Specialist surveyors from Peter Cox were called in to help refurbish Pendower Hall to its former Victorian-era glory. The 19th century grade II listed hall will become a wedding venue, conference facility and exhibition centre for local businesses.
Built in 1867 the building has served the local community as a hospital in the First World War, a school in the 1920s and then as a teacher’s centre before closing in 2002. After years of disrepair Peter Cox was brought in to carry out a specialist survey and inspect the property for damage to the timber structure and decorative woodwork.
The specialist survey found evidence of fungal decay and insect infestation which can affect the structural integrity of timbers within the building, while damaging and destroying decorative timbers. The initial survey highlighted an extensive outbreak of dry rot (Serpula lacrymans) along with wet rot (Coniophora puteana) affecting several areas of the building.
Technicians performed structural repairs by cutting back the damaged joists and bolting on new sections. Roof timbers were also repaired by renewing the timber wall plates and rafter ends.
They also completed specialist resin timber repairs to exposed roof trusses. This involved cutting the roof trusses back to structurally sound timber, before splicing in new resin bonded sections to ensure the original timber appearance would look similar to when it was originally built.
An isolated infestation of common furniture beetle (Anobium Punctatum) in a second floor room was also found. This was sprayed and protected from further attacks.
All woodworm and fungal decay treatments are covered by a 20 year guarantee protecting the long term future of the building.
Chris Hansom, Senior Surveyor said: "Victorian-era buildings can quickly fall into disrepair without proper maintenance. In this case, faulty roof coverings, flashings, leaking rainwater pipes and poor pointing meant rainwater had penetrated into the walls. This raised the moisture content of the timbers built into and against the damp masonry. This allowed dry rot spores to germinate and grow in the timber, leading to the outbreak across Pendower Hall."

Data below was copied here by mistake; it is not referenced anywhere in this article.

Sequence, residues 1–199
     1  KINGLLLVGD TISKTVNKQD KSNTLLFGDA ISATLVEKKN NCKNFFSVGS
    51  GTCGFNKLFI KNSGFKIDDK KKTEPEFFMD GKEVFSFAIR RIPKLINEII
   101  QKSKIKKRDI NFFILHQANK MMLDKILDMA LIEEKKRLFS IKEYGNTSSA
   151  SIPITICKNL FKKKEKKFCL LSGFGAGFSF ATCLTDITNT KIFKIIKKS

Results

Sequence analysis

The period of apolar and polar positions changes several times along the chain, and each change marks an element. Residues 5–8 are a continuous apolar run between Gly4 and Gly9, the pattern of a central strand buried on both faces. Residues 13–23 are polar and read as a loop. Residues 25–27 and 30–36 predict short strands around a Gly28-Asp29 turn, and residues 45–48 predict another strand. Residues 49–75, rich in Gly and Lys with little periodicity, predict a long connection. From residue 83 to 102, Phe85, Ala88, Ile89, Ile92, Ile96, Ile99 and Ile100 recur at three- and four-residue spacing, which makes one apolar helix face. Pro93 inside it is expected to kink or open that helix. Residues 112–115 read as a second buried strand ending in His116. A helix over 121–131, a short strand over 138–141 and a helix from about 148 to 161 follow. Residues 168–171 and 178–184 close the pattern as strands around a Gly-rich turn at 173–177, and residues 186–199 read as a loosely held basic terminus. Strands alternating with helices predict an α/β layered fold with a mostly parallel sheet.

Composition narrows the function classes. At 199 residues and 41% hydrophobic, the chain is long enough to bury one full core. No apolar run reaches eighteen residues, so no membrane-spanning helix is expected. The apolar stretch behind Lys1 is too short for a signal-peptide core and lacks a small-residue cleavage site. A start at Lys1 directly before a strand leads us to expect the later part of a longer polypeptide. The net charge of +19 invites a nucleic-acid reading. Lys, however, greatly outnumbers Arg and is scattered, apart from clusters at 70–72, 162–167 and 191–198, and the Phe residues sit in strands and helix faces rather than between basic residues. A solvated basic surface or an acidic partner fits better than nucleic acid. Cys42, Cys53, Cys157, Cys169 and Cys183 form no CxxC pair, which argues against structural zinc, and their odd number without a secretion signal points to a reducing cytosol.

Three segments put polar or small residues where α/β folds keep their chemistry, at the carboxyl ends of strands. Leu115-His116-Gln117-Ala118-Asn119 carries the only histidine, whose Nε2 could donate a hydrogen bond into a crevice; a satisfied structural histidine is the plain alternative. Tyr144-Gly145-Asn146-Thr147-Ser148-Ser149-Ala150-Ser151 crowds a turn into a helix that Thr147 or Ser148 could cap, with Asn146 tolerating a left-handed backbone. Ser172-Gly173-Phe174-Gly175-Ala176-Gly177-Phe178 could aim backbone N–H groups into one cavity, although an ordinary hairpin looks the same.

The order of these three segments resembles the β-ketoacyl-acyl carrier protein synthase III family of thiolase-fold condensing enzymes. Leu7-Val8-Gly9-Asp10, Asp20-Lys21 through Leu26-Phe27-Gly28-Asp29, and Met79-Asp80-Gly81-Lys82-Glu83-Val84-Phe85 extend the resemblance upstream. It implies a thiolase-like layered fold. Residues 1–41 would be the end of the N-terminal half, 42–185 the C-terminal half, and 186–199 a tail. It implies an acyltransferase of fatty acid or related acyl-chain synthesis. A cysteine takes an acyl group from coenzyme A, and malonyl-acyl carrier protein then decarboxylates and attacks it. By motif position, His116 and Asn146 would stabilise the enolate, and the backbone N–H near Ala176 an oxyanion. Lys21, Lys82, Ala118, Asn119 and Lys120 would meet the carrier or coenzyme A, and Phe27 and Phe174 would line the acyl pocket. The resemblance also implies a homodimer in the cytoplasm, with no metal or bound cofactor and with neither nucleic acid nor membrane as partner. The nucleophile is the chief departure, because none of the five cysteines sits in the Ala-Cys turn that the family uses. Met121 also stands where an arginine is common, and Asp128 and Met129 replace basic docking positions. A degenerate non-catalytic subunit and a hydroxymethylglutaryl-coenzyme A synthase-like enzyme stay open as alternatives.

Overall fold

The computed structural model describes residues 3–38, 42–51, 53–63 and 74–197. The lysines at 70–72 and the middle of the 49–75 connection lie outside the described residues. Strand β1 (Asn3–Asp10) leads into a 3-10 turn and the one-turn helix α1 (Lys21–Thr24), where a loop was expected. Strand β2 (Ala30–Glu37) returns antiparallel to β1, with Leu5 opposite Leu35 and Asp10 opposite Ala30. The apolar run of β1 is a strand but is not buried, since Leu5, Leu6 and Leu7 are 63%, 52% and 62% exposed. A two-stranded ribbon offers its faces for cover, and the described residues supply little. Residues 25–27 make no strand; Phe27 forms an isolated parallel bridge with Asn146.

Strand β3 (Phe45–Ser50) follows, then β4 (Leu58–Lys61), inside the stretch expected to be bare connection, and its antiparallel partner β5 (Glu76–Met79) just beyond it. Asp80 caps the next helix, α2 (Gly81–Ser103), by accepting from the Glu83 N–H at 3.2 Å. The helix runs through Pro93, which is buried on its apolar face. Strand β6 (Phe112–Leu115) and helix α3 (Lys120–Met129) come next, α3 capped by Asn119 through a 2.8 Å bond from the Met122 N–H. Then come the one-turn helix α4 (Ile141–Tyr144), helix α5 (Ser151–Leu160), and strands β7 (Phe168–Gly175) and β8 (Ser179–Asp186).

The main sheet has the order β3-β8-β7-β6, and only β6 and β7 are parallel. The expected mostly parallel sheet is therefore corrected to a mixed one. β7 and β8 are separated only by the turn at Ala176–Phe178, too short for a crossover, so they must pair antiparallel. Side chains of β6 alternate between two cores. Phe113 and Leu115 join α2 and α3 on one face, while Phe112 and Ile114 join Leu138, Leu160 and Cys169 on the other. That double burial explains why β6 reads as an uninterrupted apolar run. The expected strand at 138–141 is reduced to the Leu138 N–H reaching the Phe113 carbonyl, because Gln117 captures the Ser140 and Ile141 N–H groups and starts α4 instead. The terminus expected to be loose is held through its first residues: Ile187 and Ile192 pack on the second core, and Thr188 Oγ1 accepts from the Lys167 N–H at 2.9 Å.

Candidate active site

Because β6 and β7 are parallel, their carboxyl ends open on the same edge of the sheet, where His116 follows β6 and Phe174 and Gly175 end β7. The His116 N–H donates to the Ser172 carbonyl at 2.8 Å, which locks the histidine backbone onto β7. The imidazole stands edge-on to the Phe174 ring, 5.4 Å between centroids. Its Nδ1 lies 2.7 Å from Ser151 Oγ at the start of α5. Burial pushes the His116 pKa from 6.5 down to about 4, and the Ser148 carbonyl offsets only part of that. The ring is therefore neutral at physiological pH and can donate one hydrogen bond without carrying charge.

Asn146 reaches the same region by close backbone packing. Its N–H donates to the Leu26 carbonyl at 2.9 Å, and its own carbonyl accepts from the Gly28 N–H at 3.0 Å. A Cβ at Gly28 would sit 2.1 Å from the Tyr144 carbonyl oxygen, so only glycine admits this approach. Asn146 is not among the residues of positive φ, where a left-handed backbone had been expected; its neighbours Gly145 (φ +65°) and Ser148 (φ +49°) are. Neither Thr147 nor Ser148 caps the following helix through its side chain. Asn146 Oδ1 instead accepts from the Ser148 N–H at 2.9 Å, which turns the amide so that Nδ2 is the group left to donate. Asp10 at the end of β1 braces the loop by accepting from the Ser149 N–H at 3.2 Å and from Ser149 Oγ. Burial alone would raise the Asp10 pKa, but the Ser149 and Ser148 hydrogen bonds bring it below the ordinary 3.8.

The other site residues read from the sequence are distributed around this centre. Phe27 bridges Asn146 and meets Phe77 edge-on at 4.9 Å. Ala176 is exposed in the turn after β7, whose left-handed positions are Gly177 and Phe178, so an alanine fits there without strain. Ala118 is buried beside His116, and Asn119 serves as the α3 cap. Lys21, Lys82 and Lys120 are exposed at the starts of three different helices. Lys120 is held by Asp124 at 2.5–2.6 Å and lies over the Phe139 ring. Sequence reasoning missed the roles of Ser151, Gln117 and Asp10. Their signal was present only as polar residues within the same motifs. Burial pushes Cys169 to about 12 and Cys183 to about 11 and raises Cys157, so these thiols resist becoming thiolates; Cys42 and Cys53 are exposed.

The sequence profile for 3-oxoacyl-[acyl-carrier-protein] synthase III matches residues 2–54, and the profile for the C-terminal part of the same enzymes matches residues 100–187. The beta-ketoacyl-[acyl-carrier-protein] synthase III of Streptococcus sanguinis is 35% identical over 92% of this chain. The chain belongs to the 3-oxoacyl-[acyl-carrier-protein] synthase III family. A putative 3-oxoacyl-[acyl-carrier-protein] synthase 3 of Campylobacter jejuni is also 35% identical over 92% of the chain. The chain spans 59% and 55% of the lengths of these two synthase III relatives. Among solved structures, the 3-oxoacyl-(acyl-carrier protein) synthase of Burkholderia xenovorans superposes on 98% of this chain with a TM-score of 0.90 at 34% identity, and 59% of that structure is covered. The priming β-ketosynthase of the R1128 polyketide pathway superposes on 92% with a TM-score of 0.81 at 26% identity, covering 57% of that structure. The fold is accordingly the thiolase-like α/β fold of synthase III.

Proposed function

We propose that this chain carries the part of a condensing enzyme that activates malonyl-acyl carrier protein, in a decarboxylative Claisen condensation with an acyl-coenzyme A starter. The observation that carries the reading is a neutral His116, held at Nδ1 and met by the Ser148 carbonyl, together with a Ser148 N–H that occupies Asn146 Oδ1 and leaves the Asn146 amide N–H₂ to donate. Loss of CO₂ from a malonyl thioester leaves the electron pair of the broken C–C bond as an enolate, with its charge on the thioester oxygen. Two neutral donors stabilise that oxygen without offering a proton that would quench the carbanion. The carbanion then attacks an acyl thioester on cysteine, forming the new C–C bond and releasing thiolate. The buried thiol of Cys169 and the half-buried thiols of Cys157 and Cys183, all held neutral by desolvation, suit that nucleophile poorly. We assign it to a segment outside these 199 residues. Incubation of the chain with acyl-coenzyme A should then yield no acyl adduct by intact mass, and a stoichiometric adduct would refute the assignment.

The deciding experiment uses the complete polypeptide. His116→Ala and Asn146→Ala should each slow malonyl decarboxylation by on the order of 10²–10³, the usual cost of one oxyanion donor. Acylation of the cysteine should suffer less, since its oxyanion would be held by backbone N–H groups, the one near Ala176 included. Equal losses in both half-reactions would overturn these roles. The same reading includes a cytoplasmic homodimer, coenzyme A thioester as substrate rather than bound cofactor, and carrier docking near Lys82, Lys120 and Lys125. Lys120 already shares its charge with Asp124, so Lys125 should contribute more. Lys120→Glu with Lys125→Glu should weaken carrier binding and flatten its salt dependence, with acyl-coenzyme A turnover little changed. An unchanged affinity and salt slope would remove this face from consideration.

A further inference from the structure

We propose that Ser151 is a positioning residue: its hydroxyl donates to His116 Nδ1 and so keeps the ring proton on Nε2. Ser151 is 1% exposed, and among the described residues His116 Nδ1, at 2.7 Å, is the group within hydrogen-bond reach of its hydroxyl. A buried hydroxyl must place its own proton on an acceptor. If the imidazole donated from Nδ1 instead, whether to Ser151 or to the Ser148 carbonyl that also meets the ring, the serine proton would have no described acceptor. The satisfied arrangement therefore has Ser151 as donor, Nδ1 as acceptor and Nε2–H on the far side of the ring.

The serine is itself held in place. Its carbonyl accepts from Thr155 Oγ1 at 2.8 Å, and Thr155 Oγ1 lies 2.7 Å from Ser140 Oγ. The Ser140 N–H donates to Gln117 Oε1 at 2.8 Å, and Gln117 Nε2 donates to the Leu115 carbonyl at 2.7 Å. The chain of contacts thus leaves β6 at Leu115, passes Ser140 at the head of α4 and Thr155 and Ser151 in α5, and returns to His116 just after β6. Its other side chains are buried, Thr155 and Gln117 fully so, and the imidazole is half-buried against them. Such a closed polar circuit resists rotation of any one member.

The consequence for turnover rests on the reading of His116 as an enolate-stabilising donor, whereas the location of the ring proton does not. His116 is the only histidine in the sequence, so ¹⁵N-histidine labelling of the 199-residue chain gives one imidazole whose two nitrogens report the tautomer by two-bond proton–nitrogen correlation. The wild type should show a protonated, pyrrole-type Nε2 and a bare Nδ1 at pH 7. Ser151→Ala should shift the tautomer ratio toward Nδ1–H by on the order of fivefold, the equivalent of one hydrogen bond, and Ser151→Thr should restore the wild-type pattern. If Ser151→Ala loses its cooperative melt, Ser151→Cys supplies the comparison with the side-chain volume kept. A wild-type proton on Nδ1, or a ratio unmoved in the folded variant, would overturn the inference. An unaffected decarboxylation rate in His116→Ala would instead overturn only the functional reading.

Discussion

Dry Rot (Serpula lacrymans) is a malignant fungi which can lead to extensive decay of timber. It will grow strands (hyphae) capable of spreading through bricks, mortar and plaster spreading the fungus to dry timbers.
The first stage of solving the problem involves removing the source of moisture from the property. Then infested plaster and timber is removed, and structural integrity issues are repaired. Decorative timber is replaced where possible.
A surface application of fungicidal fluid is applied to the brickwork and retained timber. Holes are drilled into walls and a fungicidal fluid is applied to each hole, together with a surface application to masonry. This is to stop dry rot from travelling back through masonry and reinfecting new replaced timbers.
All reinstated timbers that are in contact with, or adjacent to areas of brickwork that will not be re-plastered, received an application of Peter Cox Timber Fungicidal fluid. These rooms were able to be reoccupied just one hour after the dry rot treatment had been completed.
The treatment process is covered by a 20 year guarantee protecting the future health of the property.
Areas damaged by wet rot are isolated at the source of moisture, meaning less treatment is needed compared to dry rot. Once the source of moisture is removed damaged timber is cut out and replaced, including rafters, wall plates and joist ends. Wet rot treatments also come with a 20 year guarantee.
If you think your project can benefit from our expertise in fungal rot control then get in touch. Complete the contact form below or give us a call on 0800 633 5712